The expansion comes after Gap Inc. expanded another Customer Experience Center in Fishkill, NY, adding technologies including automated receiving, multi-level pick modules, enhanced returns processing capabilities and new automated storage retrieval systems.

Opening up the network

With the supply chain enhancements, Gap is also seeking to make its network available to other retailers. It recently launched a new initiative called GPS Platform Services, offering logistics and fulfillment capacity to DTC and B2B businesses.

Drawing on a network that includes 13 distribution centers and a workforce of more than 9,000 people, capabilities of the service include ecommerce fulfillment, storage, warehousing, packing, shipping and returns processing.

With this new offering, Gap joins a group of retailers making logistics and fulfillment capabilities available to other retailers. Amazon has a massive fulfillment network and is making plans to deliver directly for other retailers, while Shopify is building a fulfillment network of its own that was accelerated by the recent acquisition of Deliverr. Among fellow retailers that are synonymous with the mall, American Eagle Outfitters also recently launched a network called Quiet Platforms following a pair of supply chain-related acquisitions last year, and has been loud about its intentions to build a group of partners to compete with the largest companies.

Rather than a move to take on others, Gap’s launch may be best interpreted as a sign that in-house fulfillment networks are becoming commonplace among retailers, especially as they seek to build out direct ecommerce channels and take lessons from the supply chain chaos of the last year that showed how there are benefits to owning systems. As ecommerce grows, these networks may even become a requirement for retailers seeking to reach scale. Offering the resources of these networks to others is a recognition of a business opportunity that emerges when one stands up a nationwide network. Gap probably can’t compete with Amazon’s vast logistics operation, but the growing size of the market for delivery as a whole means there is potential to bring some businesses under its wing. That can still be an asset. Plus, it could help the bottom line if there is success. Gap, Inc. reported a decline in sales across its brands in the first quarter, so turning its network into a business opportunity could help. Adding efficiency through automation will only increase the likelihood that its services for others will be profitable.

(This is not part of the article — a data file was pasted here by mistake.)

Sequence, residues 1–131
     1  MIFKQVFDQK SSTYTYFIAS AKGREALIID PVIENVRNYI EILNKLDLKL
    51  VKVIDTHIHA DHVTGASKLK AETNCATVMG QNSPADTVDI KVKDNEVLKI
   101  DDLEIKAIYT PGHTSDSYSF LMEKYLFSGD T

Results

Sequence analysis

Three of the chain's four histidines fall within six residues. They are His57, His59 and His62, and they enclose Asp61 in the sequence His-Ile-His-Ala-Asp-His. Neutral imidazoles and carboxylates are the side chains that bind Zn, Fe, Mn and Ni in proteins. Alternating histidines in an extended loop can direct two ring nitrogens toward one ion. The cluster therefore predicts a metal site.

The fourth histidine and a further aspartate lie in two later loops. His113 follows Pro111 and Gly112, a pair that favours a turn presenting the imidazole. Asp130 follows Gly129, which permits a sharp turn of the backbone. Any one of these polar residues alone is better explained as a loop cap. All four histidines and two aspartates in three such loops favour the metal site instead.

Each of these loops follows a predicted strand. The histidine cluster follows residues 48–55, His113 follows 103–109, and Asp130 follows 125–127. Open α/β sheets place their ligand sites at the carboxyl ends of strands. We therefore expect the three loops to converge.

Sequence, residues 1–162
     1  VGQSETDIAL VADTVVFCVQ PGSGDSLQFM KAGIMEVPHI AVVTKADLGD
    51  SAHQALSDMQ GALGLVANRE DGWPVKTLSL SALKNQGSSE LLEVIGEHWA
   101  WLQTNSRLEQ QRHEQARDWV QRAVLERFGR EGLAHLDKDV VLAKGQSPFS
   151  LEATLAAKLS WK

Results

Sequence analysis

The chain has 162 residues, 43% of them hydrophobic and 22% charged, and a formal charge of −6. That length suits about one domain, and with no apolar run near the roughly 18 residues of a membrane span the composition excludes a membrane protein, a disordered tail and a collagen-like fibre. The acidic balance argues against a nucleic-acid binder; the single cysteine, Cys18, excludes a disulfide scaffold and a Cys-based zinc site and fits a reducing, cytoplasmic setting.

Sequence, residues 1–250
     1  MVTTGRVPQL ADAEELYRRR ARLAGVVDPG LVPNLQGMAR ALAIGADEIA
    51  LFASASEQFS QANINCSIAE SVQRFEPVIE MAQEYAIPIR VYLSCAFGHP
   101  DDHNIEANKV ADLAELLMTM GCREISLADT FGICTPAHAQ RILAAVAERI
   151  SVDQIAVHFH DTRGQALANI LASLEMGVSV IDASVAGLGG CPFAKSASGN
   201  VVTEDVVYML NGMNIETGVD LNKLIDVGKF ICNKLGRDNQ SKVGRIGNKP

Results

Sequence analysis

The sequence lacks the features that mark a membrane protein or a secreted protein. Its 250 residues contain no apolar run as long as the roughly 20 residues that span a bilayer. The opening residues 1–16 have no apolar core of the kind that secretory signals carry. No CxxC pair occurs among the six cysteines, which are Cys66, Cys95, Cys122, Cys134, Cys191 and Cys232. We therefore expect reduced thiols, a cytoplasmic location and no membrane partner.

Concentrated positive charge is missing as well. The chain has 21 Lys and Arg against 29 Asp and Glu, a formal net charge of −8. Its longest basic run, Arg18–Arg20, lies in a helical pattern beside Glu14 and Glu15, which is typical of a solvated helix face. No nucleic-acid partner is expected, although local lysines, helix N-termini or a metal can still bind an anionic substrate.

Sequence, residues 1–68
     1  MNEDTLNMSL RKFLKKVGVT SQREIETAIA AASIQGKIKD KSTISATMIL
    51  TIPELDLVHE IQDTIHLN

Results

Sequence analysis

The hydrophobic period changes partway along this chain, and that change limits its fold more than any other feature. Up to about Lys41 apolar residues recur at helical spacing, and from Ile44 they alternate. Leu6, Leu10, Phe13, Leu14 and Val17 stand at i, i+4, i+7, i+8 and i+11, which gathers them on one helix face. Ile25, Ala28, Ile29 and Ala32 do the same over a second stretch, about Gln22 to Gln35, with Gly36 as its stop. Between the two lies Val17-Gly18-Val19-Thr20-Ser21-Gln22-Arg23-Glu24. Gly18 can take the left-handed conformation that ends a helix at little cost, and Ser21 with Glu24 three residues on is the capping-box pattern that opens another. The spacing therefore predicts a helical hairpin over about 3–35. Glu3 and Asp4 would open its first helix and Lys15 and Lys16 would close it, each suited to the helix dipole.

Dick’s tackles cart abandonment

Dick's Sporting Goods. (www.flickr.com)

At Dick’s Sporting Goods, AI is helping to address a prevalent disconnect in ecommerce experiences: Shoppers put items in a cart, but don’t ultimately check out.

Through a partnership with predictive shopper engagement platform Metrical, Dick’s has a tool to analyze real-time customer data about a shopping journey, and provide relevant content that encourages engagement and ultimately helps ease the path to purchasing the items placed in a cart.

“Cart abandonment was a key strategic area for us to optimize at DSG,” said Miche Dwenger, VP of ecommerce experience at DSG. “We tried both third party and in-house developed solutions but none delivered the results we wanted because they lacked a predictive capability. Metrical’s predictive AI engine not only improved cart conversions, but its ability to dynamically present personalized content including messages, offers, and other relevant information has enabled us to dramatically improve the customer experience.”

Metrical is also providing tools as Dick’s seeks to create a connected shopping experience across online and offline shopping.

“A key part of improving customer lifetime value is ensuring the digital and physical store experiences complement and support each other seamlessly,” Dwenger said. “As we gain insights, we’re able to make more informed recommendations in both environments. In addition, Metrical works seamlessly with other vendors in our tech stack, including product recs, email marketing, text messaging and more so we are currently exploring opportunities to expand AI’s use into additional applications.”

Going forward, Dick’s wants to expand its use of AI. It believes the predictive capabilities of this technology will ultimately help make shopping experiences more personalized.